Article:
As new cars get transported around a lot they are easily susceptible to fallout. They get delivered by boat and train which are full of industrial waste and fallout. They get transported from one shipping port to another before heading on a transporter. Once they finally reach the dealership they are far from being ‘new’.

This can obviously take a few days but most often takes weeks from being made to reaching the dealership. Plenty of time for the paintwork to contaminated with fallout.

Learn how to remove fallout from cars with our free guide!

Used Car Fallout Problems

Just like new cars, all older and used cars suffer from the same external fallout contamination by driving near, or parking at, train stations, factories, industrial yards but also, from on-board factors such as brake discs and brake pads.

The most common problem you may come across is fallout on wheels. This type of fallout is predominantly iron from the brake discs and brake pads.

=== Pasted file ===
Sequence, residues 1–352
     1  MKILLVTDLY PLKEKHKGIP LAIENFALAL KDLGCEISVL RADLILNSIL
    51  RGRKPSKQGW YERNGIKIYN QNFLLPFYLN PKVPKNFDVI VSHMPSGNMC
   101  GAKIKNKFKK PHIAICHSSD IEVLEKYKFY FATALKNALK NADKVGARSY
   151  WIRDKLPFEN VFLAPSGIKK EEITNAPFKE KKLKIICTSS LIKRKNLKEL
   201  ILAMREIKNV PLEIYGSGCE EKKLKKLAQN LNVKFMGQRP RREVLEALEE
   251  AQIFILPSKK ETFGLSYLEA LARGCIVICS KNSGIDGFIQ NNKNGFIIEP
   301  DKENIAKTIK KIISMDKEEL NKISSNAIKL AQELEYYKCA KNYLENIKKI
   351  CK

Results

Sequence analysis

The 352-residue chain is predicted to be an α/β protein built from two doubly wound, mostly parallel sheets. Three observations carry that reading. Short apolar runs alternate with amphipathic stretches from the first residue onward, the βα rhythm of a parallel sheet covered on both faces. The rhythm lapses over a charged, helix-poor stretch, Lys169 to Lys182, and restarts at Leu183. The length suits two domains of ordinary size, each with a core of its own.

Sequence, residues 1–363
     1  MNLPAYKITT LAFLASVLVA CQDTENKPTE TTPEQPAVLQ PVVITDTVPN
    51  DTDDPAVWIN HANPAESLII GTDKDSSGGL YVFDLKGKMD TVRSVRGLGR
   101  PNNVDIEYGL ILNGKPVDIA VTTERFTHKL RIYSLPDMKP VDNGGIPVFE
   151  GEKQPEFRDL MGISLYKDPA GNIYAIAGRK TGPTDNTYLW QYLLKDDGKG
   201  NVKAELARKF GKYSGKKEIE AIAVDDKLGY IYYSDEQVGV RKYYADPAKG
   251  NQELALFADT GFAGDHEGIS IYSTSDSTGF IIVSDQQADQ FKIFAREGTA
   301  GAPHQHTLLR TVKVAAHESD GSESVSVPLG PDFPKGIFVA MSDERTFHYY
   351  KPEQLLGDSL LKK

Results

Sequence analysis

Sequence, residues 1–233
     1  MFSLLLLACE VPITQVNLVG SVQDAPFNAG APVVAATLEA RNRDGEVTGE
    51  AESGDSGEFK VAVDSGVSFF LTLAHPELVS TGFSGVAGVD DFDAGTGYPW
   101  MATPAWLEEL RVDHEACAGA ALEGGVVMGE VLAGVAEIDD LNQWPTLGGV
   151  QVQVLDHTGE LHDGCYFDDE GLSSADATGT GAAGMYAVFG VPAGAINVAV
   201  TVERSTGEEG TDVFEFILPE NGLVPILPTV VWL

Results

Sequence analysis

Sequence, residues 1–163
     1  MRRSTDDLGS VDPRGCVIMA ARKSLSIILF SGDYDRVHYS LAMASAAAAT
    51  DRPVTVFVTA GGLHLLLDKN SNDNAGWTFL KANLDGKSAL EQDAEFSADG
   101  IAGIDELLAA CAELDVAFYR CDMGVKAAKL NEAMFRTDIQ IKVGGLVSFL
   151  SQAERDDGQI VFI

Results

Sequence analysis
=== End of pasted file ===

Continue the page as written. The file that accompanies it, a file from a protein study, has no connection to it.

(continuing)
You will find that larger and more luxury cars expel off far more iron than smaller, lighter or cheaper cars.

Automatic vehicles will also have far more fallout, especially iron filings, on their wheels due to the way that they are constantly pushed forward and require far more braking.

Owners of such vehicles, or wheels that haven’t been cleaned for many months, will require a strong wheel cleaner where the use of an acid will break down the metallic particles and brake dust.

An even better solution is to use a specific iron remover that is safe on car paint, wheels and glass.

The advancement of car care technology has led to the development of iron removers that are still PH neutral making them safe on ANY surface.

Iron removers quickly break down the metallic particles and whilst doing so turn purple to make it easy to see if fallout, or iron particles, are present.

Using a specific wheel cleaner followed by a fallout remover and tar remover will give you the cleanest possible wheel and will look like its just come out of the showroom!

Removing Fallout From Cars

The easiest way to remove fallout is with chemical and physical treatment. can be removed by the use of a clay bar or fallout remover.